From the Editor

When a quick sound bite won’t do

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Over the past year we have read about intervention trials in patients with chronic atherosclerotic cardiovascular disease1 and diabetes1,2 that yielded surprising results. These trials have prompted some to question the most basic underpinning of our management of these diseases, ie, that aggressively lowering low-density lipoprotein cholesterol (LDL-C) and glucose (hemoglobin A1c) truly helps our patients.

The sound bites about these trials in the news have confused physicians and patients alike. But, as we have all experienced during this election year, to understand complex problems requires an in-depth analysis instead of a sound bite.

I was troubled by the results of the Action to Control Cardiovascular Risk in Diabetes (ACCORD) trial,2 in which more patients who were treated with an intense hemoglobin A1c-lowering strategy died (mostly of macrovascular events) than those treated with a standard strategy. Older data showing a beneficial effect of glucose-lowering on the microvascular complications of diabetes are solid. I did not understand the mechanistic basis of the ACCORD results, unless the very aggressive therapy caused many hypoglycemic events with catecholamine surges, resulting in stroke or myocardial infarction, or whether a problem with a specific drug arose more often in the intensive-treatment group. There has been similar dialogue surrounding intensity of glucose control in critically ill inpatients3; here, the data suggest that hypoglycemic episodes may limit other benefits of aggressive treatment in the intensive care unit, such as reduced infection rates.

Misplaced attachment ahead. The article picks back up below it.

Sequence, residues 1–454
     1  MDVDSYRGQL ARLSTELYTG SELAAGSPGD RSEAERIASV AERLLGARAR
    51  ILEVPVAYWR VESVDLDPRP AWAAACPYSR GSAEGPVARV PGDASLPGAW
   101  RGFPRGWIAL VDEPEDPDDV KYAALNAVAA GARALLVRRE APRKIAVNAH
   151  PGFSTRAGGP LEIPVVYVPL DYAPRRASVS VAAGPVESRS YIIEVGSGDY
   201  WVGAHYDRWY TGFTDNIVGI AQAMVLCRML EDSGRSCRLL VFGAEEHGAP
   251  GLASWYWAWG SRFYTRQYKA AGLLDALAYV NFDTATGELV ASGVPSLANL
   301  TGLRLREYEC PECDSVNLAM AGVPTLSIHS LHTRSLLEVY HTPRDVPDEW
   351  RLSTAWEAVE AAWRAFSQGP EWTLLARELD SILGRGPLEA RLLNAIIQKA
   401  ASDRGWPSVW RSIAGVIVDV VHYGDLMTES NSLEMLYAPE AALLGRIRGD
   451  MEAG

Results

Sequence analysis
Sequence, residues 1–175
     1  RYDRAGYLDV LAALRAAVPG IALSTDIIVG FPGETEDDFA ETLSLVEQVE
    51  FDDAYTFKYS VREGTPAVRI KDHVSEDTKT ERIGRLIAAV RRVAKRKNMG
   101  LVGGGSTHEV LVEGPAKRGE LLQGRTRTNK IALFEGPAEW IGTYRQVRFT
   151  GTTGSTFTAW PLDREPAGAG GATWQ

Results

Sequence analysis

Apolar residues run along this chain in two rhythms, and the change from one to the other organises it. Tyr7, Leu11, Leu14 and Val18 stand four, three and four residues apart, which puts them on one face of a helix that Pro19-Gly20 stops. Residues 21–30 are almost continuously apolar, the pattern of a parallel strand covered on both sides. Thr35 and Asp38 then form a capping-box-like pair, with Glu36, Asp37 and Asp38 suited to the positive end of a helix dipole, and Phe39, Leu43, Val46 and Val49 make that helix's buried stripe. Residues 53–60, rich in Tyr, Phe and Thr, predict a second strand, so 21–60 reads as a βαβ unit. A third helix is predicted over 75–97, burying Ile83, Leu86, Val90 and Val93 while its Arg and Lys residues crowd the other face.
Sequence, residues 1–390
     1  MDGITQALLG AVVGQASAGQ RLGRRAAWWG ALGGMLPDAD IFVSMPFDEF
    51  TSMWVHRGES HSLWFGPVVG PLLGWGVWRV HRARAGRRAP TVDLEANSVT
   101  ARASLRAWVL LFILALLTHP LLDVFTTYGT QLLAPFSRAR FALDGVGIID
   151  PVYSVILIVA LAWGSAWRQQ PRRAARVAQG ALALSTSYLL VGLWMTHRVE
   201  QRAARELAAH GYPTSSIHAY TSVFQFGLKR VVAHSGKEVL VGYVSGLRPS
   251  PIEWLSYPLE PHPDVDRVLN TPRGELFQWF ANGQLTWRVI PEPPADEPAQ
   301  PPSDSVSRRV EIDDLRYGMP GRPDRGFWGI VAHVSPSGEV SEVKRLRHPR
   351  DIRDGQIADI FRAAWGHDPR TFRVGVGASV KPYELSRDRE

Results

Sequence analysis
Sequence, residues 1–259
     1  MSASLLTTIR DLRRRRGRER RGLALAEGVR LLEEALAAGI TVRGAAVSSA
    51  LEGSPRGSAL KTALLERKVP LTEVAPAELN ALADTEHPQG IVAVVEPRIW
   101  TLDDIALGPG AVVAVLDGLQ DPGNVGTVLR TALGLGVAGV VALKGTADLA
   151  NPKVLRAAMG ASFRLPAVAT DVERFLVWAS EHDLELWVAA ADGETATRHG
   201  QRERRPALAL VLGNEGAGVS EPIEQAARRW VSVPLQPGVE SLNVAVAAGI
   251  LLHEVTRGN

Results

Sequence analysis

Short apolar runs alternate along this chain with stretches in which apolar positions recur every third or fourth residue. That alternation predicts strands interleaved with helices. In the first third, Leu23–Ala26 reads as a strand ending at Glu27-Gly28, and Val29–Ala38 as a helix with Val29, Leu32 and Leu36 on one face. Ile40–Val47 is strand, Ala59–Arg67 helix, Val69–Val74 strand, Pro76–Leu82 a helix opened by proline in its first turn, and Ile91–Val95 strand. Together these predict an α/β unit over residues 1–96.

Not to be ignored is that the patients in all arms of the ACCORD trial fared far better than historical diabetic controls. The meticulous attention to management of blood pressure and LDL-C that all patients in the ACCORD trial received paid off. (If only we could do as well in our practices!) But what do we do about the sugar?

This large, well-done, ongoing trial deserves a detailed analysis for those of us who need to translate the conclusions regarding glucose control to our patients. This month in the Journal, I have invited Byron Hoogwerf, a clinical diabetologist, former internal medicine program director, well-published clinical trialist, and ACCORD investigator, to provide this analysis.4 His discussion is more detailed than what we often print purposefully, and it is well worth reading. Some issues simply can’t be understood as a sound bite.

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